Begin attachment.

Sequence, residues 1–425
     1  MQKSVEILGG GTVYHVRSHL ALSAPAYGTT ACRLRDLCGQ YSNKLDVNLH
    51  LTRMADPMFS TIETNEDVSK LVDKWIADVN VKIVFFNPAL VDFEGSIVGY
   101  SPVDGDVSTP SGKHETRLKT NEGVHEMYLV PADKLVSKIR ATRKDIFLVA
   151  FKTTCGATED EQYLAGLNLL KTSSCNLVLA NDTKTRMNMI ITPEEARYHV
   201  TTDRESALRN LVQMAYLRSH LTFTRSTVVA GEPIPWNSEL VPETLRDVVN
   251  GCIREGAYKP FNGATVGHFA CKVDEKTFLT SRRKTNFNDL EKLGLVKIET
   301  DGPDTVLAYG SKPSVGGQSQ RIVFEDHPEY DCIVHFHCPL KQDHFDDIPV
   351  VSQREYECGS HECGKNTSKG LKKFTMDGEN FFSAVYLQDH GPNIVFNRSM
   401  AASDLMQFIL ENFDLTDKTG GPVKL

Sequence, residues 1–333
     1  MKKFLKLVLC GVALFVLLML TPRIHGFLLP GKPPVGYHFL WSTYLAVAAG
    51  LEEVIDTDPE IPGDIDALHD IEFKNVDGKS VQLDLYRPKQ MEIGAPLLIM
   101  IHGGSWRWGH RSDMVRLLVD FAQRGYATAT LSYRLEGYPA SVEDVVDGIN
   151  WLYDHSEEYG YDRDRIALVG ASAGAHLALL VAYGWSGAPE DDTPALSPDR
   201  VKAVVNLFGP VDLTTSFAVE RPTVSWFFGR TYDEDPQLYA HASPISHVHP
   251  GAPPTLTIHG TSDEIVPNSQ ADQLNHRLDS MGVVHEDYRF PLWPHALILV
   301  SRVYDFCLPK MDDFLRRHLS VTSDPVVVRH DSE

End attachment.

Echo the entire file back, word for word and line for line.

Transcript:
Sequence, residues 1–425
     1  MQKSVEILGG GTVYHVRSHL ALSAPAYGTT ACRLRDLCGQ YSNKLDVNLH
    51  LTRMADPMFS TIETNEDVSK LVDKWIADVN VKIVFFNPAL VDFEGSIVGY
   101  SPVDGDVSTP SGKHETRLKT NEGVHEMYLV PADKLVSKIR ATRKDIFLVA
   151  FKTTCGATED EQYLAGLNLL KTSSCNLVLA NDTKTRMNMI ITPEEARYHV
   201  TTDRESALRN LVQMAYLRSH LTFTRSTVVA GEPIPWNSEL VPETLRDVVN
   251  GCIREGAYKP FNGATVGHFA CKVDEKTFLT SRRKTNFNDL EKLGLVKIET
   301  DGPDTVLAYG SKPSVGGQSQ RIVFEDHPEY DCIVHFHCPL KQDHFDDIPV
   351  VSQREYECGS HECGKNTSKG LKKFTMDGEN FFSAVYLQDH GPNIVFNRSM
   401  AASDLMQFIL ENFDLTDKTG GPVKL

Sequence, residues 1–333
     1  MKKFLKLVLC GVALFVLLML TPRIHGFLLP GKPPVGYHFL WSTYLAVAAG
    51  LEEVIDTDPE IPGDIDALHD IEFKNVDGKS VQLDLYRPKQ MEIGAPLLIM
   101  IHGGSWRWGH RSDMVRLLVD FAQRGYATAT LSYRLEGYPA SVEDVVDGIN
   151  WLYDHSEEYG YDRDRIALVG ASAGAHLALL VAYGWSGAPE DDTPALSPDR
   201  VKAVVNLFGP VDLTTSFAVE RPTVSWFFGR TYDEDPQLYA HASPISHVHP
   251  GAPPTLTIHG TSDEIVPNSQ ADQLNHRLDS MGVVHEDYRF PLWPHALILV
   301  SRVYDFCLPK MDDFLRRHLS VTSDPVVVRH DSE